Milwaukee had been a National League city when its team was the Milwaukee Braves. In 1981, Milwaukee won the American League East Division in the second half of the strike-shortened season. In the playoffs, they lost the divisional series to three games to two. In 1982, Milwaukee won the American League East Division and the American League Pennant, earning their only World Series appearance to date as the Brewers. In the Series, they lost to the St. Louis Cardinals four games to three. In 1998, the Brewers changed leagues, they were put in the recently created NL Central. In 2008, for the first time in the 26 years since their World Series appearance, the Brewers advanced to postseason play by winning the National League wild card, they were eliminated in the National League Division Series by the eventual World Series champion Philadelphia Phillies. On September 23, 2011, the Milwaukee Brewers clinched their first division title in 29 years, they won the National League Division Series in five games over the Arizona Diamondbacks, but lost the National League Championship Series to the eventual World Series champion St. Louis Cardinals in six games.
In 2018, the Brewers clinched a spot in the post-season for the first time since 2011 with a 2–1 victory over the St. Louis Cardinals on September 26, 2018. On September 29, they tied with the Cubs for first place in the National League Central, with a record of 95–67; this tie was broken on October 1st, when the Brewers defeated the Cubs 3–1 in the NL Central tiebreaker to improve to 96–67 and win the division by one game. They went on to defeat the Colorado Rockies 3–0 to win the NLDS, but in the following NLCS, they lost out to the Los Angeles Dodgers in 7 games; the first Brewers uniforms were "hand-me-downs" from the Seattle Pilots. Because the move to Milwaukee received final approval less than a week before the start of the season, there was no time to order new uniforms. Selig had planned to change the Brewers' colors to navy blue and red in honor of the minor league American Association's Milwaukee Brewers, but was forced to remove the Seattle markings from the Pilots' blue-and-gold uniforms and sew "BREWERS" on the front.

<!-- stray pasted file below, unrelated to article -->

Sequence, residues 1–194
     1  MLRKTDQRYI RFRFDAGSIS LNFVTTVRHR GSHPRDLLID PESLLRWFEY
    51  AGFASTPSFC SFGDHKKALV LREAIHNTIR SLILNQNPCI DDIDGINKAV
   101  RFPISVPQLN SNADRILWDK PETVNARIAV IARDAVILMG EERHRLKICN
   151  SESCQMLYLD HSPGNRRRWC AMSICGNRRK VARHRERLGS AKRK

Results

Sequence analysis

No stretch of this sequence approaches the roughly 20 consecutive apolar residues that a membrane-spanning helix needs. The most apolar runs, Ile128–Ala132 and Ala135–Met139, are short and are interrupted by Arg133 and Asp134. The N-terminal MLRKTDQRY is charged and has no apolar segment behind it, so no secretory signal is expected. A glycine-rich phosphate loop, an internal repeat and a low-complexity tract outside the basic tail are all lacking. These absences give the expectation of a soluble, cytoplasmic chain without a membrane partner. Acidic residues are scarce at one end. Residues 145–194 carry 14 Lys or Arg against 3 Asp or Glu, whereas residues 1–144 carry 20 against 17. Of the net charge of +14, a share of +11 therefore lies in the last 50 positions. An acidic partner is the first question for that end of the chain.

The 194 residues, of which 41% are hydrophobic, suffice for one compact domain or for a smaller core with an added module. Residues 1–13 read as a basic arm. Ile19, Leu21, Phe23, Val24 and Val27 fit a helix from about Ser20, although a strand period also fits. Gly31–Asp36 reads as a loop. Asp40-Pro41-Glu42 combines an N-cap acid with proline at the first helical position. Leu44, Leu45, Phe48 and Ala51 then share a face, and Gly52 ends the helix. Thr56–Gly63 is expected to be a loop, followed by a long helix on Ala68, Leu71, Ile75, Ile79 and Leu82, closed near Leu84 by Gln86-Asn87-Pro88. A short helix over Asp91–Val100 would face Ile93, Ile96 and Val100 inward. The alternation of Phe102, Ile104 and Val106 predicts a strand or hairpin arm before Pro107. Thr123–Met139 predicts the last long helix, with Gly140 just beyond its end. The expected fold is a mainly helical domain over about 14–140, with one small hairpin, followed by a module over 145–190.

However, the outline of the Pilots' logo remained visible. The uniforms had unique striping on the sleeves left over from the Pilots days; the cap was an updated version of the Milwaukee Braves cap in yellow. It was decided to keep blue and gold as the team colors, they have remained so since; the Brewers got their own flannel design in 1971. This design was the same as the one used in 1970, but with blue and yellow piping on the sleeves and collar. In 1972, the Brewers entered the double-knit era with uniforms based upon their flannels: all white with "BREWERS" on the front and blue and yellow trim on the sleeves, neck and down the side of the pants; this is the uniform that Hank Aaron wore with the club in his final seasons and that Robin Yount wore in his first. During this period, the logo of the club was the Beer Barrel Man, used by the previous minor league Brewers since at least the 1940s; the Brewers mascot, Bernie Brewer was introduced in 1973. The Brewers unveiled new uniforms for the 1978 season.
The uniforms waistband. The road uniforms continued to be powder blue, but for the first time the city name, "MILWAUKEE", graced the chest in an upward slant. In addition, this season saw the introduction of the logo, to de